Stately quadrille

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The stately quadrille is a term popularly used to describe the constantly shifting alliances between the Great Powers of Europe during the 18th century. The ultimate objective was to maintain the balance of power in Europe, and to stop any one alliance or country becoming too strong. It takes its name from the quadrille, a dance in which the participants constantly swap partners.

The most widely cited instance of this was in 1756 when Britain and Austria abandoned the long-standing Anglo-Austrian Alliance and instead made new alliances with former enemies Prussia and France respectively in what was known as the Diplomatic Revolution.


Shifting alliances had long been a factor in European politics. It was often regarded as a response to shifting threats in power and threat. During the 16th and early 17th century much of the emphasis in European politics had been on restricting the power of Spain.

In the second half of the century Spain was replaced by France as Europe's leading power. A number of European coalitions were formed against Spain and France, culminating in the War of the Spanish Succession from 1702 to 1713.


The quadrille was a popular dance of the 18th century. Because of its similarity to the way in which Great Powers swapped partners, the term was swiftly applied to describe it.

In the years immediately after the war Britain and France, widely considered to have been the leaders of opposing coalitions in the last war, formed an Anglo-French Alliance – recognising that they shared temporary, mutual interests. In the years that followed they managed to defeat a resurgent Spain (formerly a French ally) in the War of the Quadruple Alliance. Spain sought an alliance with Austria, and gained it in 1725.

By 1731 Britain and France were clearly drifting apart. A diplomatic initiative with Austria was begun by the British government, and a new Anglo-Austrian Alliance was created. Spain withdrew its friendship with Austria, and eventually ended up allied to France once more.

In 1733, however the Anglo-Austrian Alliance seemed under threat when the British failed to assist the Austrians in the War of the Polish Succession. Austria had to rely heavily on Russia for assistance, and was forced to make huge concessions to France in the peace treaty of 1738. Britain realised that its failure to intervene had allowed France to become too strong.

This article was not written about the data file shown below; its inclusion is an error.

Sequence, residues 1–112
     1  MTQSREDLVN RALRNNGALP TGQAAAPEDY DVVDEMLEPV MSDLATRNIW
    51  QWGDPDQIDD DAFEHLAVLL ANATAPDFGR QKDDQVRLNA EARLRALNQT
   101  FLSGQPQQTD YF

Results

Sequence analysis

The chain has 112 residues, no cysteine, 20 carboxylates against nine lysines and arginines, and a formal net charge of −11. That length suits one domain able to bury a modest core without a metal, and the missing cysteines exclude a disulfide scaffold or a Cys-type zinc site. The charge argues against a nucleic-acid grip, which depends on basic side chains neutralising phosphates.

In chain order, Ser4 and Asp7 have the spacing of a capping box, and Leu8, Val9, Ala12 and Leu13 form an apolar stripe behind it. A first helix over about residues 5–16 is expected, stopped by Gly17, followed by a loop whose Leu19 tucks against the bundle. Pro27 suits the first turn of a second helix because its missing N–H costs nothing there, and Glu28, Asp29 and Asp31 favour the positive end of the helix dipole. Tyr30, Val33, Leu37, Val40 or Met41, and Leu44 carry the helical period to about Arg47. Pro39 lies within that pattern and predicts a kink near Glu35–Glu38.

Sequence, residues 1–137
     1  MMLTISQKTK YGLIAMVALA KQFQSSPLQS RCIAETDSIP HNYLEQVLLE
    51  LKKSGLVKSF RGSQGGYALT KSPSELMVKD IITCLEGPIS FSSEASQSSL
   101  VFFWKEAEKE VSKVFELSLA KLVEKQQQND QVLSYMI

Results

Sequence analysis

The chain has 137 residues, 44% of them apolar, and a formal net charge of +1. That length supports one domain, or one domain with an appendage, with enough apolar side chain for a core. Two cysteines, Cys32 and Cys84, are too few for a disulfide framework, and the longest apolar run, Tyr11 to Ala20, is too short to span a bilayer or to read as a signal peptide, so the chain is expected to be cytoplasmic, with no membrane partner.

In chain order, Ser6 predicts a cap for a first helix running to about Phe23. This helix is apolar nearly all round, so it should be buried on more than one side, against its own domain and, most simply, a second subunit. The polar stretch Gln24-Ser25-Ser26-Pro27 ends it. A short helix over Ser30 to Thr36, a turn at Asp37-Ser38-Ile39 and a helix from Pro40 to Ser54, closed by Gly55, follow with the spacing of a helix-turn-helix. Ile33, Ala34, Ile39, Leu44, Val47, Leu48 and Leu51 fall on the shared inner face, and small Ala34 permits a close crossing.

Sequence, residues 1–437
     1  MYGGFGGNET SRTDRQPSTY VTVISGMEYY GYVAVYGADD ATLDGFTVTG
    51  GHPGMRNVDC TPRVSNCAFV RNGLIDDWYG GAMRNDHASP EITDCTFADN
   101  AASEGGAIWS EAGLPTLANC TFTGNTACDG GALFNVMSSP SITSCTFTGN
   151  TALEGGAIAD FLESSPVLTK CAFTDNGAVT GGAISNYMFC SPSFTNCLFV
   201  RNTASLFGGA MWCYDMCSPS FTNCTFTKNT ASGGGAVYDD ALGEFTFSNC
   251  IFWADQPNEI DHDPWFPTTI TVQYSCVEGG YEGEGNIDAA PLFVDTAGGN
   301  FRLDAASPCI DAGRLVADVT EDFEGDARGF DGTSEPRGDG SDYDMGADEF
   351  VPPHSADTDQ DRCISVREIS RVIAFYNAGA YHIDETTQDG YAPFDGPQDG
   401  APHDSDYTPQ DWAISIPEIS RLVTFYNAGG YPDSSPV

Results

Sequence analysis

The stately quadrille reached its height in 1756, when several new alliances formed as a result of the Diplomatic Revolution.

In 1740, Prussia, an emerging power, attacked Austria. Britain and France soon became embroiled in the war. It ended in a stalemate in 1748, but Austria appeared to have lost most in the war. Despite extensive British funding they were growing increasingly disillusioned about the Anglo-Austrian Alliance and began casting around for a replacement.

In 1756 Austria did what was considered unthinkable by many, and abandoned its British connection to form a new alliance with France. Fearing that this would destabilise continental Europe and lead to war, Britain made an alliance with Prussia at the Convention of Westminster, hoping that the new balance of power would prevent war.


The concept began to fade in the second half of the 18th century, as Britain and France became the dominant European powers. Its failure to prevent the Seven Years' War, in which over a million died, was a major factor. States began to seek a more stable and lasting series of alliances – one of the most successful in the second half of the century was the Bourbon Family Compact between France and Spain, which was able to defeat Britain in the American War of Independence.

After the Napoleonic Wars, a Concert of Europe was set up to create a forum for discussion rather than creating shifting alliance patterns, which had a tendency to cause major wars.

See also[edit]

Further reading[edit]

  • Clark, Christopher. Iron Kingdom: The Rise and Downfall of Prussia 1600–1947. Penguin Books, 2007
  • Simms, Brendan. Three Victories and a Defeat. Penguin Books, 2008.
  • Strachan, Hew. The First World War. Simon & Schuster, 2006